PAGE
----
Dawn of new fashion age: VSCO girls

Faith Holliday, Business Manager

In January of 2019, the term “VSCO girl” was coined by Youtuber Greer Jones. After the popularization of the social media app “Tik-tok” in the summer of 2019, VSCO girls took the world by storm.

Girls who attend South were polled, and out of 43 students, 35 said they were not VSCO girls , three said they were, and five said they might be.

Freshman Jordyn Caler thinks she has some characterstics of a VSCO girl, but she does not consider herself one.

“Basically they love turtles, scrunchies, Hydro Flasks, metal straws, oversized t-shirts, and vans or crocs,” Caler said.

Sophomore Mikayla Skaggs believes that girls who share similar interests or styles should not neseccarily be grouped together into a steortype.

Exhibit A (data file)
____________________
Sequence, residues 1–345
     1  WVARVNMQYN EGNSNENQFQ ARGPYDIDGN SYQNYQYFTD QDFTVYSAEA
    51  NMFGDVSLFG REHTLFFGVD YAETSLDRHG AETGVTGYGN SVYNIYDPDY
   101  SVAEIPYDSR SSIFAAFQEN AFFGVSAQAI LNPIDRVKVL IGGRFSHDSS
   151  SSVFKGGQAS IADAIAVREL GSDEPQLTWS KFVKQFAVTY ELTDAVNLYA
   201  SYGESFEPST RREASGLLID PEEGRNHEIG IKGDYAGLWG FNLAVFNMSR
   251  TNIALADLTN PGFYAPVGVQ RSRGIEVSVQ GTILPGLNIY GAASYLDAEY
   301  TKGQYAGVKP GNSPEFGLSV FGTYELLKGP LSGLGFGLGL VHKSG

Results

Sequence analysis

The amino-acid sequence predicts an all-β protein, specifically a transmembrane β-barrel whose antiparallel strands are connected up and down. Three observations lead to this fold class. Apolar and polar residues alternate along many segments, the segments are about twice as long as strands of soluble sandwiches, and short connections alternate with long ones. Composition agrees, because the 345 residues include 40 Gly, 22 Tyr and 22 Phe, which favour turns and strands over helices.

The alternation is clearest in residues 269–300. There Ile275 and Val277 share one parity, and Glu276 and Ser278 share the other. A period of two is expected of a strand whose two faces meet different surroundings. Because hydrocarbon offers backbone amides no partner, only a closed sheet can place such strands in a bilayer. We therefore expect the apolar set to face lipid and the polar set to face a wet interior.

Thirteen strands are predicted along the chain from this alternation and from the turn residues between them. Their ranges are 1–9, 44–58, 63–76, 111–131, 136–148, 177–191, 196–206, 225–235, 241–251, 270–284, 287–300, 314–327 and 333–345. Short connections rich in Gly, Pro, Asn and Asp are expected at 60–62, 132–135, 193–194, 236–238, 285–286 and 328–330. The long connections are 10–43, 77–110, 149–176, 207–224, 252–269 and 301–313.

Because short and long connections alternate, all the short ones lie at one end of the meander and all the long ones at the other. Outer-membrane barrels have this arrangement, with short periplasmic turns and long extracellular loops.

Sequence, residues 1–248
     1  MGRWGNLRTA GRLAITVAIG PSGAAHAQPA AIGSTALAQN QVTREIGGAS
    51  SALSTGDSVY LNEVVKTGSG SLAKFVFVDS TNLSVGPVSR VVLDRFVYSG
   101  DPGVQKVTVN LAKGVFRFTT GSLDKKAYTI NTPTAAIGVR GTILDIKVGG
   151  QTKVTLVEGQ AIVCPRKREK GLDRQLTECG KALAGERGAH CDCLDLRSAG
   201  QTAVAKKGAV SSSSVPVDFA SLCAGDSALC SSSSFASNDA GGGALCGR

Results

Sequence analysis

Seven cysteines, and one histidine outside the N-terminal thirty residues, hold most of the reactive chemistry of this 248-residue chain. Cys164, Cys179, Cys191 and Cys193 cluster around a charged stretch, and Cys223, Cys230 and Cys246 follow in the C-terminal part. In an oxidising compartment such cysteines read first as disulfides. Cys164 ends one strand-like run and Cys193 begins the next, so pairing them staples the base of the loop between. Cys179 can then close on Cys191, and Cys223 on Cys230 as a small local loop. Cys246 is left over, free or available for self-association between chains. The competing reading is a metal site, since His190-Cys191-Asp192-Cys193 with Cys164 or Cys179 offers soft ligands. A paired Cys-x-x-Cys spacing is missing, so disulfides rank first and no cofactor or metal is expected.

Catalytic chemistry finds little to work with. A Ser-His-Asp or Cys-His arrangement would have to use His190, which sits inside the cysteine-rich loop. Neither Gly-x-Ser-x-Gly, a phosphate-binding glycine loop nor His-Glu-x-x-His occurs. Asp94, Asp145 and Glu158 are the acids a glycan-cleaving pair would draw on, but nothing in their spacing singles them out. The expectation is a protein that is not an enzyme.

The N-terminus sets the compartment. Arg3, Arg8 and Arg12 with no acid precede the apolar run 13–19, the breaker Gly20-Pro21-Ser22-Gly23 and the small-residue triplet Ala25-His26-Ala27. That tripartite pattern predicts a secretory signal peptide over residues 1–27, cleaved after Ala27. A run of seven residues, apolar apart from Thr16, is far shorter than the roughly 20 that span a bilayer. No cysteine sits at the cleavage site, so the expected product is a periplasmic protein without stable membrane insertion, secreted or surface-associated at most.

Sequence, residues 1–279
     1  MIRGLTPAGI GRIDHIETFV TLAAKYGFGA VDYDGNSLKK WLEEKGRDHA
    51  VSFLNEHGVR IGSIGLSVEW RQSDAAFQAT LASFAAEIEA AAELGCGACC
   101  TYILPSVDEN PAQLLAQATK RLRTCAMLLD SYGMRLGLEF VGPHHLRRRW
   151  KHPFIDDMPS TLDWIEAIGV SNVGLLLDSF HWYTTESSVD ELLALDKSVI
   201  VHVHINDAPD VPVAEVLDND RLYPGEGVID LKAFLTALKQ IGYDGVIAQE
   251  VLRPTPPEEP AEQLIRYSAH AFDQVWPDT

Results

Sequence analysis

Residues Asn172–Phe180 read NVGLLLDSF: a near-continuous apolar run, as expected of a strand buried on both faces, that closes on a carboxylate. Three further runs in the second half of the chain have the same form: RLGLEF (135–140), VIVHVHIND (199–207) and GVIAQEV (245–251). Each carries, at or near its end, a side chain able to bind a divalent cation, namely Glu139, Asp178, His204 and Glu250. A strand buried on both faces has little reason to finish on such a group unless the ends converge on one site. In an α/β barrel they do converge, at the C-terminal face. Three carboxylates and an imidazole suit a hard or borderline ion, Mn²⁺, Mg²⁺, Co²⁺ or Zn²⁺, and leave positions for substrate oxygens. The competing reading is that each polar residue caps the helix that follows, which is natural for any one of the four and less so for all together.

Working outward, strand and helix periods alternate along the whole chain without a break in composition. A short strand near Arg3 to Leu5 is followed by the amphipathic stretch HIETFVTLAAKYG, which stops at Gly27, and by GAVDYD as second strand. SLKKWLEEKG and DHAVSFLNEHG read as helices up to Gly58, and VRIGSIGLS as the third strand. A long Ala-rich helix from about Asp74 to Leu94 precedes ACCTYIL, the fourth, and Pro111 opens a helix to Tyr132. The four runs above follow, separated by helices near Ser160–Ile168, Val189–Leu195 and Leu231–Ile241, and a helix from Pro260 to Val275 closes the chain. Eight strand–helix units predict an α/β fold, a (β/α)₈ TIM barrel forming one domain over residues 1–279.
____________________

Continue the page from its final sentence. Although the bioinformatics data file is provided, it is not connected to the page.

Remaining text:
“Just because I have what they have doesn’t mean I’m one or they are one,” Skaggs said.

Although girls are told to express themselves through their clothing, sophomore Mischa Gluckman says there are double standards.

“Adults encourage individuality, but then sometimes go back and say that some girls aren’t dressing appropriately,” Gluckman said.

Sophomore Simone Haake agrees that teenage girls are oppressed by the way they are told to dress.

“No matter how much progress we think we’ve made, in reality, we are trapped in the same time masked by new technology,” Haake stated.

Others believe that teenage girls only dress to fit in.

“I think teenage girls do everything in their power to fit in, especially in high school,” sophomore Aleah Wallace said.

Freshman Emma Foland enjoys expressing herself through popular and unpopular clothing.

“I dress the way that I want to and I don’t dress the way other people do just to be cool,” Foland said.